Pay attention to your vascular health. High blood pressure, high blood sugar, high cholesterol, and high triglycerides can all damage arteries in the heart (causing heart attack), in the brain (causing stroke), and leading to the penis (causing ED). An expanding waistline also contributes. Check with your doctor to find out whether your vascular system — and thus your heart, brain, and penis — is in good shape or needs a tune-up through lifestyle changes and, if necessary, medications.
Stress is another main cause of impotence in men. Psychological stress lowers libido in general and may suppress a man’s ability to become aroused, causing impotence. This is usually temporary and is easier to reverse than cases of physiological impotence. Nonetheless it is extremely important to manage stress levels when working to reverse impotence. Whether a man is experiencing impotence due to physiological reasons or psychological reasons, stress plays a key role. Any man that is experiencing erectile dysfunction will experience higher levels of stress because of the condition itself. Stress management skills need to be in place when working to reverse impotence.
Whether you’re looking to bulk up, or are just concerned about having enough protein to keep your body strong and healthy, zinc is an absolute must have! When we eat protein, it gets broken down by the body into amino acids, and then resynthesized into the different proteins needed by the body, and zinc is a vital part of this process. So even if you are eating lots of protein, without zinc you won’t be able to use it properly!
If you can't take one of these oral medications, your physician may have you try Caverject (alprostadil for injection), a hormone that you inject into your penis using a fine needle, or Muse (alprostadil urogenital), a tiny suppository that you insert into the tip of the penis. Both of these will bring on an erection within five to 15 minutes without sexual stimulation.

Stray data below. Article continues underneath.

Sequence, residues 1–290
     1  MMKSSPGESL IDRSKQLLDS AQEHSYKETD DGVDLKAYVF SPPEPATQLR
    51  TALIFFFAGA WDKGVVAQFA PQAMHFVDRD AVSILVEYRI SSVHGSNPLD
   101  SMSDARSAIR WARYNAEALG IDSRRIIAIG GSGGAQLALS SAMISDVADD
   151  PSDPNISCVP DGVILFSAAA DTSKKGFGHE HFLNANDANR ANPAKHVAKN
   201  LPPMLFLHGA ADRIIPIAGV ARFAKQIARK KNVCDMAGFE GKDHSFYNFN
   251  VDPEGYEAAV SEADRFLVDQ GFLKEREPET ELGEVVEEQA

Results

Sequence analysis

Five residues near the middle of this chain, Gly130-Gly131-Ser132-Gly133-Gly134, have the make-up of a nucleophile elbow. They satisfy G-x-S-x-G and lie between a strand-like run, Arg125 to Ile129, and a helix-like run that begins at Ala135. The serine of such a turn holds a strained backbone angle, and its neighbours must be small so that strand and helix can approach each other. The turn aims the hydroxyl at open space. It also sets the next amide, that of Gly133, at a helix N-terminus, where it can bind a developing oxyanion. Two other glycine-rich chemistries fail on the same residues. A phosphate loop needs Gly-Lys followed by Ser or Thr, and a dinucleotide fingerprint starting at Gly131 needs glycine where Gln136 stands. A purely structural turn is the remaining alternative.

But you really do not need any medications like I-Arginine and others to solve your erection problems. Many researches suggest that if you try natural solutions and home remedies rather than going for medications, you will have a healthy and satisfying sex. These vitamins and supplements with surely help in treating your ED (erectile dysfunction) and other penis related problems.
Adequate daily magnesium intake is slightly lower for younger men than for those in their 30s and older. The University of Maryland Medical Center recommends 400 mg daily for men between the ages of 19 and 30, and 420 mg per day for men 31 and older. While these levels are a good general guideline, you should check with your doctor to determine the proper dosage for a daily magnesium supplement, particularly if you’re using magnesium to help treat or prevent erectile problems.
According to the FDA (Food and Drug Administration), many of these products sold on the internet contain potentially harmful compounds. And they aren’t listed on the label. In an investigation, the FDA found that one-third of these online supplements were laced with undisclosed ingredients. This includes sildenafil—the active ingredient in Viagra. Doctors prescribe Viagra to some patients, but it’s not safe for everyone. The drug could interact with other medications and lower your blood pressure to dangerous levels. This makes ordering supplements online risky. You don’t know whether they contain sildenafil or other ingredients that could harm your health.
Psychosexual Relationship Specialist at End the Problem, Jacqui Olliver is a published author who renews relationships by solving people's emotional and sexual issues. In the past 7 years, she has helped over 1,000 men, women, and couples restore a relaxed, happy, and fulfilling sex life and enhance their overall connection. Click here to check out her programs or to book a complimentary strategy session and start getting real answers to solve the real problems.
Yohimbine hydrochloride is the principal alkaloid of the bark of the African yohimbe tree. It is primarily selective for the presynaptic alpha-2 receptor that enhances the central release of norepinephrine1,2 or even epinephrine,3 although the latter is controversial.4 This central action increases sexual arousal2,5 and appears similar to the central alpha-2 adrenergic mechanism that initiates hot flashes.6 Peripherally, yohimbine may partially antagonize norepinephrine-induced contraction of corporeal cavernosal smooth muscle.7,8 The action is that of an antagonist to postjunctional alpha-2 adrenergic receptors, but a direct effect on vascular smooth muscle is also possible.9